Meeting Fails To Nudge Buyers, Sellers To Make Upfront Changes

The first-ever industry-wide meeting to resolve a litany of vexing upfront sales practices may also be its last. After five hours in the boardroom of a ritzy midtown Manhattan hotel that was ironically, or symbolically adjacent to the United Nations, a group of about 40 influential advertisers, agencies, network executives and their lawyers concluded an hour earlier than expected Thursday afternoon with no plans for a follow-up and without agreeing on any specific recommendations on how the upfront sales process could be made more client-friendly.

"While not a perfect process, the current processes in place were generally acceptable--were essentially optimal, and that they will continue as is," said Robert Liodice, president and chief executive officer of the Association of National Advertisers, which co-sponsored the Network Upfront Discussion Group (NUDG) with the American Association of Advertising Agencies.

The discussion focused on two aspects of the upfront that seem to stick in the craw of advertisers and agencies: The timing of the upfront, which some advertisers have said doesn't fit their fiscal years and makes it impossible to budget, and whether or not an opening and closing bell should put limits on the legendary bleary-eyed deal-making.



But like so many discussions about changing those elements of the upfront, there just wasn't any clear alternative that would work for everyone--or, it appeared, much of anyone. For all the bluster surrounding structural problems in the upfront, those who attended the meeting said that no one could find any other way to do business.

"There was more of a discussion about it being a free and open market, and that's how it operates," one executive told MediaDailyNews. While there might have been a little more heat for the broadcast networks--opinions varied about that--it was clear that in a battle between tradition and change, tradition seemed to win. Not that it would necessarily have been a fair fight. The real specter overhanging the upfront these past two years--ever higher CPMs for declining ratings--couldn't be discussed for antitrust concerns. There were lawyers in the room to make sure the talk didn't stray into those waters, though apparently everyone knew to stay away from it anyway.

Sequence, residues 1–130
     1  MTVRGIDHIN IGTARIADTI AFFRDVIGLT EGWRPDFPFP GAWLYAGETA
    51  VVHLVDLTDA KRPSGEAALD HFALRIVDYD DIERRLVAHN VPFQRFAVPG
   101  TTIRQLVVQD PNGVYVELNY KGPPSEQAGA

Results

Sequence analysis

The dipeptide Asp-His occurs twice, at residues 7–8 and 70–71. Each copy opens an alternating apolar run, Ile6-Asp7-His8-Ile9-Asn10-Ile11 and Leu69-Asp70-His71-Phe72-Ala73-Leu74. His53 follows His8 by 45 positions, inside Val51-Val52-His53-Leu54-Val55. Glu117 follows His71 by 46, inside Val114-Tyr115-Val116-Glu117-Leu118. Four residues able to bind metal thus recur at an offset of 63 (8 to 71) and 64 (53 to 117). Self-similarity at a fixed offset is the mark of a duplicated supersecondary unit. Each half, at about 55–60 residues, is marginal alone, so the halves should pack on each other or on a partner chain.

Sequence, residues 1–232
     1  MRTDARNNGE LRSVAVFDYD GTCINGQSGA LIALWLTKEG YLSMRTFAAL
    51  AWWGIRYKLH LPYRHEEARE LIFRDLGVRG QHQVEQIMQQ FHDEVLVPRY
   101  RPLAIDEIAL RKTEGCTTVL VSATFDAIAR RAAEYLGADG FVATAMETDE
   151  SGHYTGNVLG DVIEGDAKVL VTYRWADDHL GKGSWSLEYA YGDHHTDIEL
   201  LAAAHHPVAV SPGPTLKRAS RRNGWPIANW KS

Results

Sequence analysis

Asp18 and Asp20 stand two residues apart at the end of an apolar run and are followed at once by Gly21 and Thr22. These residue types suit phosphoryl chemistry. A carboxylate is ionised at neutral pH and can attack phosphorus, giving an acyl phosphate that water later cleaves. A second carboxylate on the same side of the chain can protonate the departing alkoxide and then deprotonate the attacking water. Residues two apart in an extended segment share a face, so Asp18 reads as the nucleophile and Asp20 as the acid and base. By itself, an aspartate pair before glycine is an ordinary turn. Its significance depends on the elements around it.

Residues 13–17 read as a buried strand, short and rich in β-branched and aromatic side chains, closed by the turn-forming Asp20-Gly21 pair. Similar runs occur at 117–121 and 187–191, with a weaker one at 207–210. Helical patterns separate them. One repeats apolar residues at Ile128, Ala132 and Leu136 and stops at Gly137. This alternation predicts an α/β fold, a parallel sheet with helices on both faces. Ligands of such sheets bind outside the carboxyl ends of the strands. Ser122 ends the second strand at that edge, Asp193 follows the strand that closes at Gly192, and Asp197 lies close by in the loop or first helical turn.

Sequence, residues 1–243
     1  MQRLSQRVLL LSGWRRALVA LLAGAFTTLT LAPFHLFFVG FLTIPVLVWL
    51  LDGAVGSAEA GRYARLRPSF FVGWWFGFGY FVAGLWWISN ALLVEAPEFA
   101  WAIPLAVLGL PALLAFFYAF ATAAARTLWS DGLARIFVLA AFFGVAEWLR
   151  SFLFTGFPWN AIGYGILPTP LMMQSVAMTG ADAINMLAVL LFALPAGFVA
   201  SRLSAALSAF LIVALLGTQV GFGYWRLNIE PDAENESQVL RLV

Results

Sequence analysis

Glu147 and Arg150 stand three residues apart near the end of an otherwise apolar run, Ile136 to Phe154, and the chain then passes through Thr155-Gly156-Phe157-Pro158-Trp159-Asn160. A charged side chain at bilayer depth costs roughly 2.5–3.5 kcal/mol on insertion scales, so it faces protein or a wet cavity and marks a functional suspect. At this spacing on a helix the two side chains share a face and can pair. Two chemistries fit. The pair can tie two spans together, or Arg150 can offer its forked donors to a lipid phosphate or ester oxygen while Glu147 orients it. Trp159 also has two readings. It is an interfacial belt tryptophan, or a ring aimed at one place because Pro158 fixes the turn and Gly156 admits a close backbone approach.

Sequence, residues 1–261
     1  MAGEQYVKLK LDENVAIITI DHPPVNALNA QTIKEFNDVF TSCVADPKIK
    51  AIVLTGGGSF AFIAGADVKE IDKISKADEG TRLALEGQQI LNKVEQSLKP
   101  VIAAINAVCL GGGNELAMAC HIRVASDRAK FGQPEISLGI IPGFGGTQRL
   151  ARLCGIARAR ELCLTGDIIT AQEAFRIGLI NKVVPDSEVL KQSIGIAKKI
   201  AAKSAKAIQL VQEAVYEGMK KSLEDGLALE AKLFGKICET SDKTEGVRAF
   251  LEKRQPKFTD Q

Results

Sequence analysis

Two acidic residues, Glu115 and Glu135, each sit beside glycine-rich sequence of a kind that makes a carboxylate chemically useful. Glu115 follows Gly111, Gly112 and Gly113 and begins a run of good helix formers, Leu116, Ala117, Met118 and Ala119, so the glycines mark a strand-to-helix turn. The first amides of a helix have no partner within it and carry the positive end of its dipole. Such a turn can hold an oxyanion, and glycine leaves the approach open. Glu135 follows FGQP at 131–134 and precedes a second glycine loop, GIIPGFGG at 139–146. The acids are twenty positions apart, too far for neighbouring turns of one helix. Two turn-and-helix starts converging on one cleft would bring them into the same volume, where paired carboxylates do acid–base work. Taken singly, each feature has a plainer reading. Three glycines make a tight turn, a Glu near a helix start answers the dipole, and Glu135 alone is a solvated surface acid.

"The real angst is all about rising prices, falling audiences," said O. Burtch Drake, president and chief executive officer of the AAAA. "We didn't discuss that whatsoever. That was totally off-limits."

While there were varying levels of enthusiasm about the structure of the upfront, more than a few in the room seemed to know going in that the NUDG meeting would be more talk and less action. One of the undercurrents going into the meeting--voiced privately by at least one network and several agency executives--was trying to figure out how real the desire was to look at and possibly change the upfront, or whether it was simply grandstanding. While many major advertisers, agencies, and networks did attend, there was at least one major holdout: NBC.

The NUDG meeting started off more or less on time at 10 a.m., as media executives trudged into the lobby of the Millennium UN Plaza Hotel on 44th Street across from the United Nations. For some of the participants, the prospect of talking about changes to the upfront seemed akin to a trip to the dentist. While the idea was born during the very public Television Advertising Forum sponsored by the ANA last month, no one wanted to talk publicly Thursday morning before they entered the meeting.

"They've got a press embargo on the thing," one participant explained as he rushed to the elevator. "We're not allowed to talk."

Organizers kept the expectations low going into the meeting, and spoke frankly afterward that they weren't surprised that there was no wide-ranging movement for change. The ANA's own survey--which, along with Carat North America President David Verklin's public campaigning for an upfront summit, more than anything, led to NUDG--wasn't particularly instructive about whether advertisers footing the bill knew what changes should be made to the upfront. Verklin couldn't be reached for comment Thursday afternoon.

Suggestions for a different time to break the upfront--such as the fall or, in some scenarios, twice a year--didn't go anywhere.

"It's not to say that in the end that everybody was thrilled or is absolutely satisfied, but there was not sufficient enough consensus to say that an alternative approach was better or worse," Liodice said. "If the discussions said we should start in mid-September, there were probably 22 reasons why September was not the right time to start it."

That's nothing new to most people on the network and agency side, who universally said it would be difficult to find a time for the upfront that would be acceptable to everyone. And the proposal for opening and closing bells to eliminate all-night dealing sounded a sour note.

"There was not a lot of passion for the closing bell," said one participant. "The bell idea didn't seem to be something that was viable," said another.

Drake said that the NUDG meeting was notable because it's the first time in his memory that all the stakeholders sat down to discuss the upfront. Liodice said it was unrealistic to think that a four-hour meeting was going to change the four-decade-old upfront.

And in this upfront play, there may not be a second act.

"We had tentatively scheduled May 6 if the group felt it was necessary to get together, but we felt the airing of the different points of view on the two cornerstone reasons we had agreed to talk about--we felt there was no real necessity at this stage to have another meeting," Liodice said.

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